Open Access

Does point-of-care ultrasonography cause discomfort in patients admitted with respiratory symptoms?

  • Christian B. Laursen1, 2Email author,
  • Erik Sloth3,
  • Annmarie Touborg Lassen4,
  • Jesper Rømhild Davidsen1,
  • Jess Lambrechtsen5,
  • Daniel Pilsgaard Henriksen6,
  • Poul Henning Madsen7 and
  • Finn Rasmussen8
Scandinavian Journal of Trauma, Resuscitation and Emergency Medicine201523:46

https://doi.org/10.1186/s13049-015-0127-x

Received: 12 December 2014

Accepted: 29 May 2015

Published: 13 June 2015

Abstract

Background

This study aimed to assess the patient-rated level of discomfort during point-of-care ultrasonography (POCUS) of the heart, lungs and deep veins in a population of patients admitted to an ED with respiratory symptoms and to what extent the patients would accept being assessed by the use of POCUS if they had to be examined for possible disease.

Methods

A questionnaire-based observational study was conducted in an ED. Inclusion criteria were one or more of the following: respiratory rate > 20/min, oxygen saturation < 95 %, oxygen therapy initiated, dyspnoea, cough or chest pain. Patients were examined by the use of POCUS of the heart, lungs and deep veins. Patient-rated level of discomfort and acceptance were assessed using a standardised questionnaire.

Results

The median duration of the sonographic examinations was 12 min (IQR 11–13, range 9–23). The median patient-rated level of discomfort for all three types of POCUS was 1 (IQR 1–1, range 1–8) on a scale from 1 to 10. All but one patient (99.6 % (95 % CI: 98.9-100 %)), would accept being examined by the use of POCUS as a part of routine ED diagnostics.

Conclusions

The patient-rated level of discomfort during POCUS of the heart, lungs and deep veins is very low and the vast majority of patients would accept being assessed by the use of POCUS if the patients once again had to be examined for possible disease.

Background

Diagnostic ultrasonography is a non-invasive and radiation free procedure which also has the advantage of causing minimal patient discomfort and pain [1]. The part of this statement describing patient discomfort and pain seems so obvious that it, by many, would be considered as being an axiom. This is reflected by the fact that the research assessing the benefits and drawbacks of ultrasonography seen from the patient’s perspective is limited. Both patient satisfaction and discomfort during various guided invasive procedures, transvaginal ultrasound, or stress tests involving the use of ultrasound has been assessed [28]. However, little is known of the level of patient discomfort during an examination involving diagnostic ultrasound without invasive or stress related procedures. A diagnostic accuracy study of lung ultrasound for the diagnosis of rib fractures reported problems with inflicting pain in some of the patients participating in the study, the degree of pain were however not systematically measured or assessed in the study [9].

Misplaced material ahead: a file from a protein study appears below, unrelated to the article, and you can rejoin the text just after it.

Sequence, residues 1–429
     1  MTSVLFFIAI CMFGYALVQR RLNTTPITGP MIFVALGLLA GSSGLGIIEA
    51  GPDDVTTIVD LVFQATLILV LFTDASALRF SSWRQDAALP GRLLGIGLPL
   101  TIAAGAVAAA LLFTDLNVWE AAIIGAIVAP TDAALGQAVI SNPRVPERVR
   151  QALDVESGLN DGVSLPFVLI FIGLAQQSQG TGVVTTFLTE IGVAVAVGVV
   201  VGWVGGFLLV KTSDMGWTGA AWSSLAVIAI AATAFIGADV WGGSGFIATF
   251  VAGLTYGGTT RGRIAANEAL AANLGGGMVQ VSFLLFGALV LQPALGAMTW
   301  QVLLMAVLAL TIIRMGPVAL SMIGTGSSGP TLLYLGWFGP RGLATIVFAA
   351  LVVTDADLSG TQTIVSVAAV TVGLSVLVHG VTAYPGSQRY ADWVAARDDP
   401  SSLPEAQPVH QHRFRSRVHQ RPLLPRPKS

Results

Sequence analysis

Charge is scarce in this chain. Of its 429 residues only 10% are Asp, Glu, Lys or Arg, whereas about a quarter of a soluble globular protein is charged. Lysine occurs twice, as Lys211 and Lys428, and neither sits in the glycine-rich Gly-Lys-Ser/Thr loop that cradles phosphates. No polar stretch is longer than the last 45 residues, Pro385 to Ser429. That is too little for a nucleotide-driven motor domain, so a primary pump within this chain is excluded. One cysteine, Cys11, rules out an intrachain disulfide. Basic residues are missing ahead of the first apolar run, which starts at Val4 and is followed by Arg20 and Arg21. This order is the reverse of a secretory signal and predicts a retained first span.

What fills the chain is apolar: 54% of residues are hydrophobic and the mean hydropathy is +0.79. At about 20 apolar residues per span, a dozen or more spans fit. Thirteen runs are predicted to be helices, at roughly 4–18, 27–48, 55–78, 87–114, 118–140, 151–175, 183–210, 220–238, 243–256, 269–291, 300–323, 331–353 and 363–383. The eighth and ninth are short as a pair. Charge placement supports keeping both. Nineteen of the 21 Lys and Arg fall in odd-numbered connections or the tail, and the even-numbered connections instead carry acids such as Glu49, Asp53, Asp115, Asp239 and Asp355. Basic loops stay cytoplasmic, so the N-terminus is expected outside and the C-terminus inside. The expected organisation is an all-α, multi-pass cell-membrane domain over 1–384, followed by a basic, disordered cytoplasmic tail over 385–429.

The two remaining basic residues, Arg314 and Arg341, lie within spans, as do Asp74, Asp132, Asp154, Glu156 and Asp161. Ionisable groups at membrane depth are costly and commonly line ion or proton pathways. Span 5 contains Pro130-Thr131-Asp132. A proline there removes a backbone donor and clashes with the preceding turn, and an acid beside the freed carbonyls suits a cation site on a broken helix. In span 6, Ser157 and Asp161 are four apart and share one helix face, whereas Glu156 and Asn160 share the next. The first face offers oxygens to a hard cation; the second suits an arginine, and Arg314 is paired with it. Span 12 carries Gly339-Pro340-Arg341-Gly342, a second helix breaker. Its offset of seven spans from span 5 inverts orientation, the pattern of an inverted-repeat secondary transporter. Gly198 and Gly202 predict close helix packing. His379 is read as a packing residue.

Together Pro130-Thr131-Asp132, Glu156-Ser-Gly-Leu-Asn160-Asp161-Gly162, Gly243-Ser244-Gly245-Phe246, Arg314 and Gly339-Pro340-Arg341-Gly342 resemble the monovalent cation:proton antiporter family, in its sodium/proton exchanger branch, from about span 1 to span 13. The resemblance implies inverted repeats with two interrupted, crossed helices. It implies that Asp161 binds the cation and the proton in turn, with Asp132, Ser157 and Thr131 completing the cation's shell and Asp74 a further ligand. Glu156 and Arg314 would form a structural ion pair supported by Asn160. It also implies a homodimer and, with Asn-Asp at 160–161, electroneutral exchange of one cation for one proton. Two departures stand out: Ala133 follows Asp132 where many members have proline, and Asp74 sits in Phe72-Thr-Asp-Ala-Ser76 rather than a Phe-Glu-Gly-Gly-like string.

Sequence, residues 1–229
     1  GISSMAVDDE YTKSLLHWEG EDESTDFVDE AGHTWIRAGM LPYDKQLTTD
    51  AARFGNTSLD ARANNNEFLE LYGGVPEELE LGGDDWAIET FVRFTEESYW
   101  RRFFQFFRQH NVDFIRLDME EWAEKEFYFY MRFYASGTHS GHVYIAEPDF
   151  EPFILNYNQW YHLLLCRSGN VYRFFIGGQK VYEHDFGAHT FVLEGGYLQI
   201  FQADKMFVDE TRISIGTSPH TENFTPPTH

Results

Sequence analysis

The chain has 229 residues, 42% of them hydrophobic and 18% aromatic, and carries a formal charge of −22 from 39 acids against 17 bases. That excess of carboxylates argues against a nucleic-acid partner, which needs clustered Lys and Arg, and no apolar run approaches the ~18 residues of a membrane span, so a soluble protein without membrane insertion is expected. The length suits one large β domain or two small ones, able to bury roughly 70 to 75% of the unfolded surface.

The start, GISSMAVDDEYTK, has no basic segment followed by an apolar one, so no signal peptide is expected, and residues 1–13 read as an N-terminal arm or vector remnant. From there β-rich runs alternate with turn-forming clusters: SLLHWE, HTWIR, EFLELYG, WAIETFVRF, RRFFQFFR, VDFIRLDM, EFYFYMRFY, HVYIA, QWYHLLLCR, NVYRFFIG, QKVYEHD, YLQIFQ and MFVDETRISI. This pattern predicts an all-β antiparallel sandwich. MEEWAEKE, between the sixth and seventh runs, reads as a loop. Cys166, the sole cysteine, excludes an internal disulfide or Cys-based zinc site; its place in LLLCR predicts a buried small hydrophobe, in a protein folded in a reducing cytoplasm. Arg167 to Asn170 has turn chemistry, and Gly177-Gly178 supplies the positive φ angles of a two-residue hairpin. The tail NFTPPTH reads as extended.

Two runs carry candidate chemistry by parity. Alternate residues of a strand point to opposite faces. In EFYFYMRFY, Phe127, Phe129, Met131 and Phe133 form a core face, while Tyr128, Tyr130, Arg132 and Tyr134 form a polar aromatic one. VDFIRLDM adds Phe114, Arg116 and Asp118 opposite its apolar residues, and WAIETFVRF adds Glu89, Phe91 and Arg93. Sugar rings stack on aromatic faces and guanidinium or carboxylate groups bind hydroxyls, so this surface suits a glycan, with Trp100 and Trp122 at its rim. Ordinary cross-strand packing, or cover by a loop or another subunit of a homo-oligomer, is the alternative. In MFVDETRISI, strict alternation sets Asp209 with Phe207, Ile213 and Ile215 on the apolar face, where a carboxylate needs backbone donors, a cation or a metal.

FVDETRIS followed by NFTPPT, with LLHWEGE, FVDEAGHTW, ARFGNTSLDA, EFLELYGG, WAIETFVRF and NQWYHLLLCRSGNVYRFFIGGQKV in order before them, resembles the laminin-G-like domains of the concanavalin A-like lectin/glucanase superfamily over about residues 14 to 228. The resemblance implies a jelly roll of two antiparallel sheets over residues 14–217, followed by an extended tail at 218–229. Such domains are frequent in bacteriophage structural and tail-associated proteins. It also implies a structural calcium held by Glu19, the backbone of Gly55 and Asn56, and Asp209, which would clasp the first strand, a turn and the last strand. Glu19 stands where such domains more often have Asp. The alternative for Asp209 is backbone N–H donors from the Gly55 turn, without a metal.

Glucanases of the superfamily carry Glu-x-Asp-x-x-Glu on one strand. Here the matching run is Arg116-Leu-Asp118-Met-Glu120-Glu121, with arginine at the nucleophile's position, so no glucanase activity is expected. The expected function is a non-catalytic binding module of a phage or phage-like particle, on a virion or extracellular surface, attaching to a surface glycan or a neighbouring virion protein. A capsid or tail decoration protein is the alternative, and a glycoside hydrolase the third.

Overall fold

Point-of-care ultrasonography (POCUS) is widely used in emergency departments (ED) and its use is expected to rise further in the future [1012]. The use of POCUS in an ED has been shown to have a positive impact on patient satisfaction and health care consumption [1316]. Patients admitted to an ED with respiratory symptoms are already in distress due to the symptoms in themselves, whether POCUS in itself causes or aggravates the patient experienced distress in such a patient population has not been explored [17]. Research is needed in order to assess whether POCUS can cause distress and whether patients are willing to accept POCUS as a standard diagnostic procedure in the ED.

A questionnaire-based observational study was conducted in a population of patients admitted to an ED with respiratory symptoms to assess the patient-rated level of discomfort during POCUS of the heart, lungs and deep veins and to what extent the patients would accept being assessed by the use of POCUS if they had to be examined for possible disease.

Methods

Design

The study was conducted as a questionnaire-based observational study with data collection alongside two studies assessing the diagnostic accuracy and impact of POCUS in admitted patients with respiratory symptoms [12, 18].

Setting, study population and ethics

The study took place at the medical section of the ED at Odense University Hospital, Denmark. Corresponding to the inclusion periods of the simultaneously conducted diagnostic accuracy studies two observational periods between November 2010 and May 2011 and December 2011 to March 2013 were used [12, 18]. The ED has approximately 58,800 visits and 12,000 acute admissions each year, whereas nearly 7700 (64 %) of the admissions are related the medical section of the ED. In Denmark, all acute hospital admissions are in public hospitals and occur either as a direct emergency admission or by referral from a general practitioner. Adult patients admitted with respiratory complaints are all admitted to the medical ED, exceptions being trauma patients and patients triaged directly to the department of cardiology on a suspicion of heart disease. Hemodynamic stable patients suspected of having deep vein thrombosis (DVT) or pulmonary embolism (PE), are seen in the department’s out-patient clinic and not admitted to the ED.